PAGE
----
The Go-Between

Fans of Jane the Virgin will find much to love about this coming-of-age novel from bestselling author Veronica Chambers, who with humor and humanity explores issues of identity and belonging in a world that is ever-changing.
She is the envy of every teenage girl in Mexico City. Her mother is a glamorous telenovela actress. Her father is the go-to voice-over talent for blockbuster films. Hers is a world of private planes, chauffeurs, paparazzi and gossip columnists. Meet Camilla del Valle—Cammi to those who know her best.
When Cammi’s mom gets cast in an American television show and the family moves to LA, things change, and quickly. Her mom’s first role is playing a not-so-glamorous maid in a sitcom. Her dad tries to find work but dreams about returning to Mexico. And at the posh, private Polestar Academy, Cammi’s new friends assume she’s a scholarship kid, the daughter of a domestic.
At first Cammi thinks playing along with the stereotypes will be her way of teaching her new friends a lesson. But the more she lies, the more she wonders: Is she only fooling herself?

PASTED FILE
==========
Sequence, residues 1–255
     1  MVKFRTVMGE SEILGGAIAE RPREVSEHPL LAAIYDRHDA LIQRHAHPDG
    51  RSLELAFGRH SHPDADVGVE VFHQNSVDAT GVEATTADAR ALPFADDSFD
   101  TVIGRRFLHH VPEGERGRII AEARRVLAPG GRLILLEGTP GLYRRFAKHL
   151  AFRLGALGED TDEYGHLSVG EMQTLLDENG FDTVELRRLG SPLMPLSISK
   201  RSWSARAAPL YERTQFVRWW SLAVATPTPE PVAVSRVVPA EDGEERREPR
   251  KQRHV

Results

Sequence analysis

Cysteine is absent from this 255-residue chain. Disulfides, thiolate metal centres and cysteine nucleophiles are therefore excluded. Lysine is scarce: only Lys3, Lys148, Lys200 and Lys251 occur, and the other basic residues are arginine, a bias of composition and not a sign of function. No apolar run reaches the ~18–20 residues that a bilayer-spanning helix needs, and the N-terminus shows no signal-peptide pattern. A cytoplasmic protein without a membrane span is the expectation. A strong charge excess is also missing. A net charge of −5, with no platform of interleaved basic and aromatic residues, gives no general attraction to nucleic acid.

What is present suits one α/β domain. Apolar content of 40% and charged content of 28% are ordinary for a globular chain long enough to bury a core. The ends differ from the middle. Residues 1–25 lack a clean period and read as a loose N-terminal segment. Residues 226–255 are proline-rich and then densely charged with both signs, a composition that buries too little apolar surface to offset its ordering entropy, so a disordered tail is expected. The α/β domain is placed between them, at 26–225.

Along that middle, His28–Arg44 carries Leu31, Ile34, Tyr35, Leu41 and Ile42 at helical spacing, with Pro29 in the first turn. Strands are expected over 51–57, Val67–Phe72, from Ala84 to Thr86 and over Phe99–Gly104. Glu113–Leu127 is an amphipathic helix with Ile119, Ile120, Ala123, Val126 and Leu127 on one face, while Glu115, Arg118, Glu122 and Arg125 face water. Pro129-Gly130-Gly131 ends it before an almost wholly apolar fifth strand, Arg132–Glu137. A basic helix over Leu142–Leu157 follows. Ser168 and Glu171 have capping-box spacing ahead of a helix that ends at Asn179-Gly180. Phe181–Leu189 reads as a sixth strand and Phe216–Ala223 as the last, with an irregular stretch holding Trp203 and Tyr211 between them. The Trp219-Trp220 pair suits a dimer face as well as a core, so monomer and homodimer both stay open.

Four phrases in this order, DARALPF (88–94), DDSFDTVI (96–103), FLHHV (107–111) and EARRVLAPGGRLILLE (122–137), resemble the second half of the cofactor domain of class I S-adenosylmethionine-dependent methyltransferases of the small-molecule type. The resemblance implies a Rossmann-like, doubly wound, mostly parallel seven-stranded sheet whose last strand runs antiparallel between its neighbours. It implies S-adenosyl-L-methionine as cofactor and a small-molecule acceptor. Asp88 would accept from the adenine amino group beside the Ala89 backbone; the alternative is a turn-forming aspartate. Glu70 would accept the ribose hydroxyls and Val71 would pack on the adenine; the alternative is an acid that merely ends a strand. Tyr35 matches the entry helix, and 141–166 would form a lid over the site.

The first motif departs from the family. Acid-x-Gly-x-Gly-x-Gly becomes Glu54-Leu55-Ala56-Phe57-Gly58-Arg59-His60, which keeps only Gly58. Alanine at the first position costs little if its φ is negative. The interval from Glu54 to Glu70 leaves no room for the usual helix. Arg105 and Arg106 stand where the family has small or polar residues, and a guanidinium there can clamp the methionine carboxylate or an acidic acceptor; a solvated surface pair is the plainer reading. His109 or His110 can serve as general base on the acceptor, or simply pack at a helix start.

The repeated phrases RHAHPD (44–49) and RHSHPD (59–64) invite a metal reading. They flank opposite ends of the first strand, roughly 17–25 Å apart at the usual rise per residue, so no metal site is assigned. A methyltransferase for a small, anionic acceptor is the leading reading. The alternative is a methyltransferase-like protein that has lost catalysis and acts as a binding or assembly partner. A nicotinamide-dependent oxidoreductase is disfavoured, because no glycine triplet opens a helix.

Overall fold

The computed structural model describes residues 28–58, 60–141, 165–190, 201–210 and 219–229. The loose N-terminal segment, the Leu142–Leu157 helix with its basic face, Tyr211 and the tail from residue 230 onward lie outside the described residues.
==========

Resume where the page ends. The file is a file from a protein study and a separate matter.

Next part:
Since this is being compared to Jane the Virgin, if I was on the cast I’d be ashamed of the comparison.

 My daughters descend from a culture of Half Irish (me) and Half Mexican (their father) so when I came across this book I was hoping it’d be something I could add to our home library. I’m always on the lookout for novels that feature DECENT characters that represent either culture.

 I had a real problem with this one though and don’t feel comfortable having this in my house because I wouldn’t want my daughters thinking I condone how half their gene pool is being portrayed.

 On a positive side, it was nice to see a main character who wasn’t being labeled as a housekeeper, gardener, illegal stealing work from Americans, etc. Instead you’re getting to experience a story from the eyes of someone who is part of the upper class in Mexico and how that differs from being in America where you’re often measured not by your bank account but by your skin color. Another positive was a central theme of accepting who you are and embracing that regardless of the opinions of others.

 The negatives, for me, outweighed those few positives. I felt that the Mexican culture was turned into stereotypes to the point of borderline racism when the main character decided to ‘act’ the part of a poor Mexican immigrant so that people don’t find out the truth of her background.

 By the end I felt like I had betrayed my daughters by spending any time reading this particularly in light of what is occurring in America towards the Mexican community.

 Thank you to Netgalley and Delacorte Press for allowing me to review this book.

 *synopsis and pic from


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